Reaction Paper: UF – Never The Sinner by John Logan / Directed by Ralf Remshardt
Author John Logan did a smart thing with Never the Sinner. He took a notoriously reprehensible crime and made it funny. Otherwise, this might be the worst date play in history. “Hey honey, would you like to see a show tonight about a gay couple that brutally murders a boy? It’s a trial play, and everybody dies.” Under the genius direction of Ralf Remshardt, it’s not only funny at times, it’s also noir and shown off like a 1930s musical—not that it’s a musical, but it feels like one. The classic convention of three chorus girls who sing the narrative along—think Little Shop of Horrors—here we have Stefanie Anarumo, Melissa Nave, and Shari Thompson. When they’re not playing their alternative characters, they are providing exposition in this similar vane, like a Greek chorus of roarin' 1920s flappers. Only they don’t sing, but it feels like they do. To bring dark comic elements to troubling material has often been a successful venture. Stanley Kubrick was twice successful laughing up the pain with Lolita (Taboo Obsession) and Dr. Strangelove (Armageddon.) Theatrical examples include Angels in America (AIDS), God of Carnage (Civility), and the uproariously hilarious Merchant of Venice—Shakespeare’s “Tragicomedy”. Tragicomedy, as it is generally defined in relationship to Shakespeare Is typically about lovers. Never The Sinner is a love story.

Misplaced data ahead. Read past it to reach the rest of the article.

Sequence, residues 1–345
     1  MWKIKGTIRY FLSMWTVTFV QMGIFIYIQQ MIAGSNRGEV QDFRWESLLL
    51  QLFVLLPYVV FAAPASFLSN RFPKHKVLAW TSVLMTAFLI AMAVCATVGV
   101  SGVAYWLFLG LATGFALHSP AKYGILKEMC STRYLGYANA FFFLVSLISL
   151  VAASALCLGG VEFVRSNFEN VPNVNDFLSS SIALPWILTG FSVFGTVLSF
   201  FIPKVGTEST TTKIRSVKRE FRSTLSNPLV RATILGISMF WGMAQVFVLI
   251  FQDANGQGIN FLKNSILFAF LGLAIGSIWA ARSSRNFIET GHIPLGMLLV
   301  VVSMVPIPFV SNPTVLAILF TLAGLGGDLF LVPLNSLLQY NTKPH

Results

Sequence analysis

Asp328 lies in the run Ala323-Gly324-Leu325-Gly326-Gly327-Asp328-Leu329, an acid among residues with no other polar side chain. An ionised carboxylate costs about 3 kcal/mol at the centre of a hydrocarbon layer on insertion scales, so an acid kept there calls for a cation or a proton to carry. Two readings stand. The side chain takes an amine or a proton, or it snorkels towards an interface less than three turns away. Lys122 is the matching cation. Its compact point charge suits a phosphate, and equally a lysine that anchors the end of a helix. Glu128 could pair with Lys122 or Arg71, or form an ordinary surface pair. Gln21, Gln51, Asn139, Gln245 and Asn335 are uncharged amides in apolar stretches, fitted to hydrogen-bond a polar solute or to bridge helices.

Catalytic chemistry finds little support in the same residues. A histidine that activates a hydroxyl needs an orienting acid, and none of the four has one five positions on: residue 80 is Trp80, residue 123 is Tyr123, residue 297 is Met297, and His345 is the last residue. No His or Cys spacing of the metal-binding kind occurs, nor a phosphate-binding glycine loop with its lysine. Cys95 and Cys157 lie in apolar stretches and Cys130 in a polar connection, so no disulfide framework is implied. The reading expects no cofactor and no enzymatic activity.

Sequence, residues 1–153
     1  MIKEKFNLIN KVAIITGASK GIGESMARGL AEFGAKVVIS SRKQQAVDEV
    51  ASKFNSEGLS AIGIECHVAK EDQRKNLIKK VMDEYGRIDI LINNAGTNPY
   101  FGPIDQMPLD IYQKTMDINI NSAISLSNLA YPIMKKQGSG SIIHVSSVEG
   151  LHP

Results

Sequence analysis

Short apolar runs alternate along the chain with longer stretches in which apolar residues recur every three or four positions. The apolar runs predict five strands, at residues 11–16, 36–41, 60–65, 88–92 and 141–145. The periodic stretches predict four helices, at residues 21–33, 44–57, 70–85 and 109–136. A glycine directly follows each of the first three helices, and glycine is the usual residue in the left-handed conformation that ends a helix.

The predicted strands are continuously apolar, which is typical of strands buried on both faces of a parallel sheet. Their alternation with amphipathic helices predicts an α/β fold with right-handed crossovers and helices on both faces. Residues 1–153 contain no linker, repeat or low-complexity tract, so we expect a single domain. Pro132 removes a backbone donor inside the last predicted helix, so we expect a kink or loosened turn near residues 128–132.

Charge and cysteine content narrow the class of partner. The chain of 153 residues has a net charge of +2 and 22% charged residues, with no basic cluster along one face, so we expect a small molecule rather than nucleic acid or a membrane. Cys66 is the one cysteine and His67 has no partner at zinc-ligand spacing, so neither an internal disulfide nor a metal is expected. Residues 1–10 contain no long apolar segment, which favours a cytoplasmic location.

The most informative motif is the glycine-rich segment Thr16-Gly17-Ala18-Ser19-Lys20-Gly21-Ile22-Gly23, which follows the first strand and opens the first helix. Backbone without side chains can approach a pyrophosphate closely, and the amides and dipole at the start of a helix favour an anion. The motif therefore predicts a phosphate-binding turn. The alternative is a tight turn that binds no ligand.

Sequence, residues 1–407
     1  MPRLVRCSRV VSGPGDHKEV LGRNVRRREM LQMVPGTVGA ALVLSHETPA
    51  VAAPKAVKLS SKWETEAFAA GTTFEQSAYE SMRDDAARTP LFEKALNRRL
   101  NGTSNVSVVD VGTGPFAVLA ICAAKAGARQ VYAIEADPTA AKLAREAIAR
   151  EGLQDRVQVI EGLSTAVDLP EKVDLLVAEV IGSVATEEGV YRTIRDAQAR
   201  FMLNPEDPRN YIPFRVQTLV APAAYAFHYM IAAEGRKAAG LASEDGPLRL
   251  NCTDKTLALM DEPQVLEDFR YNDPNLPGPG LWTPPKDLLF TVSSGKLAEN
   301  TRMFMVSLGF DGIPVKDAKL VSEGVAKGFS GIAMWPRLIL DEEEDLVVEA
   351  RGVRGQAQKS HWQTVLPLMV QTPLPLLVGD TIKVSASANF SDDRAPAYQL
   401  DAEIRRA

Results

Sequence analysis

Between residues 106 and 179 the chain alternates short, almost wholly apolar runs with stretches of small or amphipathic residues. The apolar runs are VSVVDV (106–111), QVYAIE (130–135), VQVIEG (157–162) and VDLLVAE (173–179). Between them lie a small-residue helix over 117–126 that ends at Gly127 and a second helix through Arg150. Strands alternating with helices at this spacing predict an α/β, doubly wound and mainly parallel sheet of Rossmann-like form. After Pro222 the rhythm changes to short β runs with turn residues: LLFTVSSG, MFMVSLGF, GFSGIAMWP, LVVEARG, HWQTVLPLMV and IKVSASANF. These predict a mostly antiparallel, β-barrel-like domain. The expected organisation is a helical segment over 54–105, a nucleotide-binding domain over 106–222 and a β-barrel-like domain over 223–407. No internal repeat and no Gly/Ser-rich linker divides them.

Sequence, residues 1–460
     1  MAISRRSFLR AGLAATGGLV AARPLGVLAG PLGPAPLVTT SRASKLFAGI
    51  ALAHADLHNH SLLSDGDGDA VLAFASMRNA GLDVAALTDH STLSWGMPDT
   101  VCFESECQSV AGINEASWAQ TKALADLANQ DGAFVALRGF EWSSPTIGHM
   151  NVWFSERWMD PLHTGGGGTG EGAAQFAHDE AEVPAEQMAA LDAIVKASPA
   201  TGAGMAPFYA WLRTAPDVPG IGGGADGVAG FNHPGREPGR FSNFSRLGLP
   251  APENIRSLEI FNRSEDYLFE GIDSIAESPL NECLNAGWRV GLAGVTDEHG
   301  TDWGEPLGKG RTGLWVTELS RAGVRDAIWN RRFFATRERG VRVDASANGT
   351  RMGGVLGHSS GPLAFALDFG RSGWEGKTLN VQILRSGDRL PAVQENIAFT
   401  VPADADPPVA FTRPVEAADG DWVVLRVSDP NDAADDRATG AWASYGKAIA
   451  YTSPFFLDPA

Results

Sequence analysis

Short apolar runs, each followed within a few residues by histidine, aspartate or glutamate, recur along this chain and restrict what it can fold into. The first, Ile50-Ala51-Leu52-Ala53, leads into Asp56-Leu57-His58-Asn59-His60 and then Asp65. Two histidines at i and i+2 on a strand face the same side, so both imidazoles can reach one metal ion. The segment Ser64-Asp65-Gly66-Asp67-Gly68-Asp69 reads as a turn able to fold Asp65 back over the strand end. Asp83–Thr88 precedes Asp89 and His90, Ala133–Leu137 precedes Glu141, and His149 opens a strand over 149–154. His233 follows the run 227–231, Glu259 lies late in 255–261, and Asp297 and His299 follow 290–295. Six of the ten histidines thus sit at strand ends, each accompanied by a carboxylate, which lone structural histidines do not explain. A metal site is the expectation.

As Leopold and Loeb, Laine Nelson and Kevin Roost are freakin’ outstanding. There is no other way to describe their performance, (the operative “freakin’” being the only adequate word in the English language.) Their chemistry leading up to the inevitable gay ‘shock kiss’ (which the audience is both surprised by but was also waiting for’) is completely believable and fully realized. If a play could be said to have three climaxes, this was one of them (the other two: The Murder and the Verdict—although arguably the Verdict is the resolution, but it’s very climactic.) The complexity of their motive, the compulsion of love/lust, the weight of their circumstances comes through in the tones and facial/body work. Leopold and Loeb truly live again in the bodies and minds of these two young actors. And although Roost seems at first glance to be the stronger actor of the two, we realize after that this effect is entirely natural; Loeb was the dominant, the instigator, the de-facto murderer. Nelson plays more subtle, tortured, and complex. When he thinks about the murder, he is capable of smiling, and with that smile, showing sadness. And when the two of them are in a vehicle which we see with our own eyes (four common house-chairs) and the murder takes place, we cringe! We turn away! There is no car, there is no victim, nevertheless, there they are and we cringe. It’s gruesome effective mime. And then, Act II, the trial. Our two attorneys: for the defense, Clarence Darrow (the excellent Rob Cope); for the prosecution, Robert Crowe (Tom Foley channeling Vincent Bugliosi-meets-Perry Mason’s Hamilton Burger). The actor’s eye notes the extreme contrast between these two men, one the confident laid back ‘I got this!’ attorney and the other, the goal hungry press-happy ‘You got nothin!’. These actors use their bodies and voices to show us these differing traits. It truly is a second act because the subtext of the love story and crime is the story of Clarence Darrow and his passionate pitch to spare the lives of the young killers. In Law circles, this summation (over 12 hours in the actual event) is considered one of the most eloquent defenses ever made in the history of law, and that the two boys—gay as they were in the context of 1930s Chicago morality—got life instead of death. [More comedy: despite the historical verdict represented in the play, the audience can text whether the boys live or die from their smartphones and the result is displayed at the conclusion.]